Virgin Galactic officially debuts SpaceShip Two, the VSS Unity

It's been some time in the making, but Virgin Galactic, the commercial space flight division of Sir Richard Branson's company, has officially taken the wraps off the new SpaceShip Two. As the first new craft from Virgin Galactic since the tragic crash during a 2014 test flight, killing one of two crew members, the ship will bear the name VSS Unity, which was given by none other than Stephen Hawking.

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Russia plans to use modified missiles to shoot asteroids

Russia plans to use modified missiles to shoot asteroids

The danger of large asteroids colliding with Earth is always a concern for space agencies around the world, and there are a number of plans on how to prevent this from happening. Russia, however, seems to have plans that involve a more direct approach: blowing up any approaching meteorites using intercontinental ballistic missiles (ICBMs). Apparently this is the country's strategy for revenge for the 2013 meteor that exploded over the city of Chelyabinsk, injuring over 1,000 people.

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NASA WFIRST mission to offer a view 100 times bigger than Hubble

NASA WFIRST mission to offer a view 100 times bigger than Hubble

The Hubble Space Telescope has been in orbit for years now and has made some major discoveries during its life. Hubble is set to be replaced by the James Webb Space Telescope and NASA is looking past the James Webb to the more distant future. NASA is set to kick off a new mission called the Wide-Field Infrared Survey Telescope or WFIRST. WFIRST will take a much larger view of the universe than Hubble was capable of; NASA says that WFIRST will have a view 100 times as large as Hubble. According to NASA the wider view will help scientists to unravel mysteries of dark energy, dark matter, and to explore the cosmos.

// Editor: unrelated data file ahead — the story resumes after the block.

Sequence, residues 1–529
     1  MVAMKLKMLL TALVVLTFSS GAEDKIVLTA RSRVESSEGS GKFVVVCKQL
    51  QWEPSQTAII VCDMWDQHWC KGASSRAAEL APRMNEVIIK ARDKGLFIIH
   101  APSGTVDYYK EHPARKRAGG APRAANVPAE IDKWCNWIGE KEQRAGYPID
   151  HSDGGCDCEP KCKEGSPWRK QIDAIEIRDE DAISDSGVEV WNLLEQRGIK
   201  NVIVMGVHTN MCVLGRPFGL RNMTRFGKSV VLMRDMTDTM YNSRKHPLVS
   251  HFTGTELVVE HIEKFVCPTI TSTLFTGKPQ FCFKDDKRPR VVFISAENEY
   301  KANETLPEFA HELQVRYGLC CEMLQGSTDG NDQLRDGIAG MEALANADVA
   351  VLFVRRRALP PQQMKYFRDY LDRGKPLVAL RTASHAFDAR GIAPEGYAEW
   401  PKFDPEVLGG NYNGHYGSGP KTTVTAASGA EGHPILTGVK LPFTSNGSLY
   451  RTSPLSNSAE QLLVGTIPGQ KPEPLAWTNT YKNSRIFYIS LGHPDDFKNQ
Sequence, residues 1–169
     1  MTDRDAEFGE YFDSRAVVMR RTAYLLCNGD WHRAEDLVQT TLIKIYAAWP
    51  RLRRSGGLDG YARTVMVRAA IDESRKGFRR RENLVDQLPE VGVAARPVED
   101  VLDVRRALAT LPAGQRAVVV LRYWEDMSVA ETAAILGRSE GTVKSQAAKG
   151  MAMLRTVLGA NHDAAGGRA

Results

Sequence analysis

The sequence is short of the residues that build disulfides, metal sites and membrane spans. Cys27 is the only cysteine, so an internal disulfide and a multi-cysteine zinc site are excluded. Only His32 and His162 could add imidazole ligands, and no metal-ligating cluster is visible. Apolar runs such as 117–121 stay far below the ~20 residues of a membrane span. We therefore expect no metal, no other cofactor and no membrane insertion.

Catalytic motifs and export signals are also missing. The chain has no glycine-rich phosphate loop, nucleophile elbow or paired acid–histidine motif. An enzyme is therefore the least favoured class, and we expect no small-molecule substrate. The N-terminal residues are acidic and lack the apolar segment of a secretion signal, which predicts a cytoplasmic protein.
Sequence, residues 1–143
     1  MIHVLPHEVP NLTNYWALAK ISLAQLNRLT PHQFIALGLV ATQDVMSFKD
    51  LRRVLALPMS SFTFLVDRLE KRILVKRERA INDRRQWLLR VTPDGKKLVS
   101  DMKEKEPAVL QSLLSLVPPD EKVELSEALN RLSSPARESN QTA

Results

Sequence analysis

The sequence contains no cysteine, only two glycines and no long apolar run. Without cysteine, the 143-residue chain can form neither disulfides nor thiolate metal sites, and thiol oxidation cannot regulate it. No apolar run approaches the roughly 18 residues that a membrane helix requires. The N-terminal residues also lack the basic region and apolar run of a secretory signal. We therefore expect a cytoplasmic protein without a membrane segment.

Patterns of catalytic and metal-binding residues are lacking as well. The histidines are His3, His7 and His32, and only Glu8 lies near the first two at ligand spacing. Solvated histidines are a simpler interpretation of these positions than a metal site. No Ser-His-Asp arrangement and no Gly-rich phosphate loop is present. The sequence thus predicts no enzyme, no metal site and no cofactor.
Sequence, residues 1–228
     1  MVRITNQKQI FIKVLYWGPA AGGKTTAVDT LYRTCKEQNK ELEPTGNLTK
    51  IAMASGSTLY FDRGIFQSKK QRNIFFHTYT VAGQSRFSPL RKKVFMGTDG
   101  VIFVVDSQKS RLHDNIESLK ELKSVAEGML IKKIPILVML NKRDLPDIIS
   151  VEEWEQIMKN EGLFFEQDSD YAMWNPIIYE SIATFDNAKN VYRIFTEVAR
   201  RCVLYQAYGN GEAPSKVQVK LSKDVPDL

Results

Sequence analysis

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Hubble studies atmosphere of distant and hot Super Earth

Hubble studies atmosphere of distant and hot Super Earth

Scientists have analyzed the atmosphere of a super Earth planet for the first time using the Hubble Space Telescope. The planet that Hubble has been studying is called 55 Cancri e and it orbits very close to its parent star. That close orbit gives the planet surface temperatures of up to 3,600F and eliminates the chance of life on the planet.

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ISS commander, astronaut Scott Kelly answering questions live on Tumblr right now

ISS commander, astronaut Scott Kelly answering questions live on Tumblr right now

If you've ever wanted to participate in a live, Reddit AMA (Ask Me Anything)-like session with an astronaut in space, your chance is RIGHT NOW. All you have to do is head on over to Tumblr, where NASA astronaut, and current commander of the International Space Station, Scott Kelly is answering questions from space. He's participating in an "Answer Time" session, or Tumblr's take on the AMA, where readers can ask any question they like, with the chance Kelly will respond.

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3 things Rosetta and Philae taught us about comets

3 things Rosetta and Philae taught us about comets

As we bid farewell to the comet lander Philae for the last time, we look back and remember three important things we learned from the ESA's monumental mission. Several firsts were achieved by this lander sent to a comet by the European Space Agency's Rosetta mission. One: this was the first time that a craft such as this was successfully landed on a comet - not only that, but the first time such a lander was able to send back data on a comet from its surface, too!